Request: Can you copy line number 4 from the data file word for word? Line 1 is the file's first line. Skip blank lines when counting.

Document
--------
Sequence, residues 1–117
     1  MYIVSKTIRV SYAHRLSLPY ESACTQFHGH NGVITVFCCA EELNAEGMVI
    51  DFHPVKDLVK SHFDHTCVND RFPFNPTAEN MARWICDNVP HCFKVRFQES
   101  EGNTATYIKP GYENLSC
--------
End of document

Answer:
   101  EGNTATYIKP GYENLSC